Prevalence of Antiretinal Antibodies in Acute Zonal Occult Outer Retinopathy: A Comprehensive Review of 25 Cases

Cynthia X. Qian, Angeline Wang, David L. DeMill, Thiran Jayasundera, Kari Branham, Maria Fernanda Abalem, Naheed Khan, John R. Heckenlively

Research output: Contribution to journalArticlepeer-review

21 Scopus citations


Purpose To perform a comprehensive review and to investigate the presence and role of autoimmune antibodies in 25 cases of acute zonal occult outer retinopathy (AZOOR) identified using the classification originally proposed by J. Donald Gass. Design Observational case series. Methods SETTING: Institutional. STUDY POPULATION: Twenty-five patients were identified by characteristic symptoms (abrupt onset of photopsias, followed by large scotomata at or connected to the blind spot), ocular findings (paucity of pigmentary changes with no sign of vitreous inflammation and abnormal electroretinogram in at least 1 eye), and a negative family history for retinitis pigmentosa. OBSERVATION PROCEDURES: Patients underwent a full comprehensive ophthalmologic examination, fundus retinography, Goldmann kinetic visual field (GVF), and full-field electroretinogram (ffERG). Blood samples were also obtained to verify for the presence of antiretinal antibodies by Western blot analysis. Main OUTCOME MEASURES: Clinical presentation, best-corrected visual acuity (BCVA), fundus abnormalities, visual field defects, ffERG changes, and presence of antiretinal antibodies. Results Sixteen patients (64%) presented with photopsias, 56% (14/25) with night blindness, and 56% (14/25) with loss of peripheral vision. Sixty-four percent (16/25) of cases were bilateral. All patients demonstrated retinal vascular attenuation, optic nerve head pallor, and mottling of retinal pigment epithelium. The most common visual field changes included enlargement and expansion of the blind spot extending into large pericentral or other types of scotomata (64%). Both scotopic and photopic ffERG values were abnormal and affected to a similar degree in our patients. Nine patients (36%) had a greater than 20% asymmetry in ERG values between the 2 eyes. All patients had antiretinal antibodies on Western blot with an average of 6.6 bands. Conclusion Evidence suggests that AZOOR is a unique form of autoimmune retinopathy and retinal manifestation suggests possible antiretinal antibody leakage from the disc margin with spread of immune products under the retina, resulting in large scotomata that connect to the optic nerve head.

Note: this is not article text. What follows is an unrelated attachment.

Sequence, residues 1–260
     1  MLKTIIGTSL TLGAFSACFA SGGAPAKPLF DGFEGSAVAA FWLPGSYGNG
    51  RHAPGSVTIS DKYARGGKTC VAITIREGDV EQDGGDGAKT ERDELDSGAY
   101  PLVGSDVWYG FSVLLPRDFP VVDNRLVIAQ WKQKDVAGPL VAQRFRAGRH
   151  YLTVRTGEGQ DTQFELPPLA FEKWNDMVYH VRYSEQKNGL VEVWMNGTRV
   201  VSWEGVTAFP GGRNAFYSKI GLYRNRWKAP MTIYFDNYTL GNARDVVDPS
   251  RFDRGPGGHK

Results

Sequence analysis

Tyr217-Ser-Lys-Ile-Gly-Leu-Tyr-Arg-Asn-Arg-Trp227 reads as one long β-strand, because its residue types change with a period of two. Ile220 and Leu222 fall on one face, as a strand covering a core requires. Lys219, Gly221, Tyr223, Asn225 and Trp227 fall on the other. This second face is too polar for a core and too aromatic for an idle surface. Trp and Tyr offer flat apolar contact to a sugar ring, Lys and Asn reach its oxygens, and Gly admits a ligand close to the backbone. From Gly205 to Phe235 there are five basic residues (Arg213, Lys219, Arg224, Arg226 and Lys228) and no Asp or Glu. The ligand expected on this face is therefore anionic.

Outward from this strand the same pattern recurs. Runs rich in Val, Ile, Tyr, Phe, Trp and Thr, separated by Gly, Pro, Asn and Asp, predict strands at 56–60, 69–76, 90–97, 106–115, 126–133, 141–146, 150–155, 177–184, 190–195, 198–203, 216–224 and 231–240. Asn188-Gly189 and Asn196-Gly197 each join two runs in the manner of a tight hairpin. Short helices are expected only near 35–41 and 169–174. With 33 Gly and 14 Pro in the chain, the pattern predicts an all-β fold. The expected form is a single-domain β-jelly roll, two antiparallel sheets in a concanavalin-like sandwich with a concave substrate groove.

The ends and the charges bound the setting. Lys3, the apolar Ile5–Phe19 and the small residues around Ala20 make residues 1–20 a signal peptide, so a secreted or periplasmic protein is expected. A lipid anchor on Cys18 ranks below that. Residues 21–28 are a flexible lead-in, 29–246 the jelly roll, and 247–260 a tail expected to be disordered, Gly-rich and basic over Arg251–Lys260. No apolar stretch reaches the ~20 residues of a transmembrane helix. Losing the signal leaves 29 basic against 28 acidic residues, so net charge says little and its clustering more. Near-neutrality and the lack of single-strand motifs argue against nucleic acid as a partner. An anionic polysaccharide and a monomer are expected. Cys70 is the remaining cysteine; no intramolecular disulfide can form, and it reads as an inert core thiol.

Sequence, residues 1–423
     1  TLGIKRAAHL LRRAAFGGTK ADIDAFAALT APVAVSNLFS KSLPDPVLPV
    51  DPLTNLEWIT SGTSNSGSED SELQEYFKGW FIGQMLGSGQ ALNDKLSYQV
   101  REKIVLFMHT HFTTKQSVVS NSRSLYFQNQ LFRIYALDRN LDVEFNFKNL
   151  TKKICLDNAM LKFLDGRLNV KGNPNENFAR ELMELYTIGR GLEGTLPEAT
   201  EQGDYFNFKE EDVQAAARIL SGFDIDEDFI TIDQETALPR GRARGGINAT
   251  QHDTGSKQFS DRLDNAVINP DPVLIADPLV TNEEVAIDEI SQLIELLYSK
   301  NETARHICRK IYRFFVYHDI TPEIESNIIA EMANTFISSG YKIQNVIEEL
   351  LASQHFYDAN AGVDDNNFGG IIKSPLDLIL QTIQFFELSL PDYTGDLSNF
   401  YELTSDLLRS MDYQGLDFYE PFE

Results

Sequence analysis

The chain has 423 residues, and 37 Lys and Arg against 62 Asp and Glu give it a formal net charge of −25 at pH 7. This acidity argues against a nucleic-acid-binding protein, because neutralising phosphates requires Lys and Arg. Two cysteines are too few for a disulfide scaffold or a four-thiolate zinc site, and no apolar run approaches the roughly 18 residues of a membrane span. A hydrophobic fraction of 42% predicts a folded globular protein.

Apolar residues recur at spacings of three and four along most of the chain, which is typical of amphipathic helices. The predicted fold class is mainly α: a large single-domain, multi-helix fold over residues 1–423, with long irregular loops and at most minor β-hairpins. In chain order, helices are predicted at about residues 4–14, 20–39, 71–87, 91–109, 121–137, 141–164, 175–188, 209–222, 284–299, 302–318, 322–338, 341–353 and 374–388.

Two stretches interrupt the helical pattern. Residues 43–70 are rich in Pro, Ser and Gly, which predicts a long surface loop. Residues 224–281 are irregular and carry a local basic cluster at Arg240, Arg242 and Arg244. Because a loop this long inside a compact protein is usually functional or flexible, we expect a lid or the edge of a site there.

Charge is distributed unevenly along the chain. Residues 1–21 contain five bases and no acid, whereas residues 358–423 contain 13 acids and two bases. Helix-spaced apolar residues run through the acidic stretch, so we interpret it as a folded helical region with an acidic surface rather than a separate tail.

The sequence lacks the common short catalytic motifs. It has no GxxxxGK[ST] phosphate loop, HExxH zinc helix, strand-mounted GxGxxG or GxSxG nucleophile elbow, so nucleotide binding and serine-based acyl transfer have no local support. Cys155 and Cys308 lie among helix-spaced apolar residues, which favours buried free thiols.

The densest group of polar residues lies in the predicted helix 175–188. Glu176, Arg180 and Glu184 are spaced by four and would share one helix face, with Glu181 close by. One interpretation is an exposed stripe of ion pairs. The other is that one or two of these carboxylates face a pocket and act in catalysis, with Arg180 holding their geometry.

Original languageEnglish (US)
Pages (from-to)210-218
Number of pages9
JournalAmerican journal of ophthalmology
StatePublished - Apr 1 2017
Externally publishedYes

ASJC Scopus subject areas

  • Ophthalmology


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